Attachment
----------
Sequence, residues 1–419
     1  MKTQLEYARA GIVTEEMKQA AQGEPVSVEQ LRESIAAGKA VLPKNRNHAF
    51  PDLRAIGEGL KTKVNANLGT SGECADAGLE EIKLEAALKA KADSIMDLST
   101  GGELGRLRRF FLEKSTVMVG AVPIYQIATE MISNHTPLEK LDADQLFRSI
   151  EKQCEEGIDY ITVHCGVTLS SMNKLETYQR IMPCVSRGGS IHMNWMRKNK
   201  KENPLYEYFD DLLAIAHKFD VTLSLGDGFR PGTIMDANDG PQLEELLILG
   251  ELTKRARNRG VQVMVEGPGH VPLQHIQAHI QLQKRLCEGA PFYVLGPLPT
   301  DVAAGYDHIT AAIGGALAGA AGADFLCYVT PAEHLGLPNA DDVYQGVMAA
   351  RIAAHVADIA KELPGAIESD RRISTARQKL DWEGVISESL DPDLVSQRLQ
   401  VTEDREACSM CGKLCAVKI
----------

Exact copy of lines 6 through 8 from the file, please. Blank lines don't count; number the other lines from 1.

   201  KENPLYEYFD DLLAIAHKFD VTLSLGDGFR PGTIMDANDG PQLEELLILG
   251  ELTKRARNRG VQVMVEGPGH VPLQHIQAHI QLQKRLCEGA PFYVLGPLPT
   301  DVAAGYDHIT AAIGGALAGA AGADFLCYVT PAEHLGLPNA DDVYQGVMAA